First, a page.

(Washington, DC, Thursday, December 20, 2018) – For the third year in a row, there has been a rise in world hunger. The absolute number of undernourished people, i.e. those facing chronic food deprivation, has increased to nearly 821 million in 2017, from around 804 million in 2016. These are levels from almost a decade ago.
The world has made tremendous progress against hunger and malnutrition. Unfortunately, after decades of decline, the hunger rate has increased.
More than one-fifth of the children under the age of five in developing countries are stunted (a reduced growth rate in human development) due to poor nutrition. Chronic malnutrition contributes to an early death for millions of children and to irreparable damage to the brains and bodies of those who survive.
The United States has long been a leader on global nutrition efforts. And if the world is going to keep making progress against hunger that leadership must not only continue, but the U.S. needs to scale up the impact our investments are making.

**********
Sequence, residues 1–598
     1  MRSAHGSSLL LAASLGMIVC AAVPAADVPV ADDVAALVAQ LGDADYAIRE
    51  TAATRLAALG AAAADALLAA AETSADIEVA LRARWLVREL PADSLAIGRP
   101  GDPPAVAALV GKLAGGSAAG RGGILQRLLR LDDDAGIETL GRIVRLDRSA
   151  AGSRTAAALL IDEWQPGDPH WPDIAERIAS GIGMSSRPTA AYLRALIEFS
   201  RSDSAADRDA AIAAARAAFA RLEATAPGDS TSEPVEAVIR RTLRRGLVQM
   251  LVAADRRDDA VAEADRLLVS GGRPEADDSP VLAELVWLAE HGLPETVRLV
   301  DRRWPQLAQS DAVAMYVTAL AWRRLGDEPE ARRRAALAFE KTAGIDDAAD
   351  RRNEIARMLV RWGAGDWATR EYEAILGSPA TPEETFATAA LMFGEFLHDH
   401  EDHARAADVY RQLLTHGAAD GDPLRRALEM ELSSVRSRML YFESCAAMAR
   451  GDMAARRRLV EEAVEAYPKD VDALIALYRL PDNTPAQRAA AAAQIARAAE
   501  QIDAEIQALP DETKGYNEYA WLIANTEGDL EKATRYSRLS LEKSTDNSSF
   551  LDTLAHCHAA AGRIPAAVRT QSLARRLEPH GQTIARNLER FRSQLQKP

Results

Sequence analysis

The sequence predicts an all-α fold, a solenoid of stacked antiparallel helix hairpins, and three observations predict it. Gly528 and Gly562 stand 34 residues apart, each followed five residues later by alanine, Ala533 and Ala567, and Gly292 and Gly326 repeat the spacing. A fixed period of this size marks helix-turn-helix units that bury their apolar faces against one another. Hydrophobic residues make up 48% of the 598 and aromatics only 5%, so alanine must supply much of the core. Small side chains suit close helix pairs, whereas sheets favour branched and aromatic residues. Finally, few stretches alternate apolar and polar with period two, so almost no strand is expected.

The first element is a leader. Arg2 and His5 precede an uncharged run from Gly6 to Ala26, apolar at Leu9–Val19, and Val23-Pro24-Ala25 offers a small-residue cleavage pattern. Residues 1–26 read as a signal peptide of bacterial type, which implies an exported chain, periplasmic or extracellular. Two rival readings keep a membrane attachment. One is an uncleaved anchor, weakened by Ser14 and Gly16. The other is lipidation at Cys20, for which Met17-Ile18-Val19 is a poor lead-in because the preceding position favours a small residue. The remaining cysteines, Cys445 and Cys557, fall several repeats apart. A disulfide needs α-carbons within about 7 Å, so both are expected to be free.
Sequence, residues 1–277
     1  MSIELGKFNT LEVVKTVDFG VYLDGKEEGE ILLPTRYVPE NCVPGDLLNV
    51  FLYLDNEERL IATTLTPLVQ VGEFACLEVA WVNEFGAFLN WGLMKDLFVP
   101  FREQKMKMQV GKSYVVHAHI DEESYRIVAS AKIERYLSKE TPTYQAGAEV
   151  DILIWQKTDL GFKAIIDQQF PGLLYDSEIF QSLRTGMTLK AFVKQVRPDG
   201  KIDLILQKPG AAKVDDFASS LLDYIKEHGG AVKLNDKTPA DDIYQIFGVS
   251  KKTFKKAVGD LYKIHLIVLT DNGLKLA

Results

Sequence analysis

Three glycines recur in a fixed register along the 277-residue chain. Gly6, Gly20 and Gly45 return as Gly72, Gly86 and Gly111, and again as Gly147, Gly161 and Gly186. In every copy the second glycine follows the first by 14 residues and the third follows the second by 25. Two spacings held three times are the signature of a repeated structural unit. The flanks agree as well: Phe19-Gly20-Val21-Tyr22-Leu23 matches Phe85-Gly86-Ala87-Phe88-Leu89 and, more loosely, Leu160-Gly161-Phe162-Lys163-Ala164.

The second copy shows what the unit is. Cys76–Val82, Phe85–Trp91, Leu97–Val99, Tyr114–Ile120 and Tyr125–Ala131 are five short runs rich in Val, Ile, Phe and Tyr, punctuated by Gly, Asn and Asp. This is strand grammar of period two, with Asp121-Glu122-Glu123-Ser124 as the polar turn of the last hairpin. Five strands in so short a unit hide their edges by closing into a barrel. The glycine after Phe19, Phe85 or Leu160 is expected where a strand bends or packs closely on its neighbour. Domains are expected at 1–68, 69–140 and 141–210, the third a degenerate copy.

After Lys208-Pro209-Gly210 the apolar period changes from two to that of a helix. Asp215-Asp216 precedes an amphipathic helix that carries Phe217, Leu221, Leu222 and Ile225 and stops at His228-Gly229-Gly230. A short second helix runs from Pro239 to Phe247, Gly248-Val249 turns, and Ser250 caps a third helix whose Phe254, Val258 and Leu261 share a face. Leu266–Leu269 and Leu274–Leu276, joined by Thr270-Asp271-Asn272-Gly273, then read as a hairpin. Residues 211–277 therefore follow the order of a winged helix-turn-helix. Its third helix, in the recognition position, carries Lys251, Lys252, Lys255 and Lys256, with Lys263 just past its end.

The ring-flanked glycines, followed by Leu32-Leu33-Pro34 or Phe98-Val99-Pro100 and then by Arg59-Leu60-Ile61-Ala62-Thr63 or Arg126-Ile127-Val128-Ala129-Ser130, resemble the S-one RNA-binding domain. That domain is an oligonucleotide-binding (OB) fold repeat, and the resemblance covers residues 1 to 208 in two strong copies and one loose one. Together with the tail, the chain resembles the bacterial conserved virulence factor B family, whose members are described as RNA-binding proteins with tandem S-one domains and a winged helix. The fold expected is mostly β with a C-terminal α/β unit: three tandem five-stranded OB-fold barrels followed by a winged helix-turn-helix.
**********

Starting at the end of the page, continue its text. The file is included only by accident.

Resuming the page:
Two Christian anti-hunger groups, Bread for the World Institute and Food for the Hungry, are urging our leaders to accelerate the progress on global nutrition. With appropriations deadlines coming up and a new Congress about to be seated in January, we think now is the time to make this happen.
- While the world has made tremendous progress against hunger and malnutrition, as the past three years show that progress is tenuous.
- Last year, the U.S. government provided agricultural assistance to more than 11 million farmers and nutrition assistance to nearly 23 million children.
- Addressing global nutrition is a bipartisan effort that has been, and continues to be, an important piece of U.S. foreign policy and national security strategy.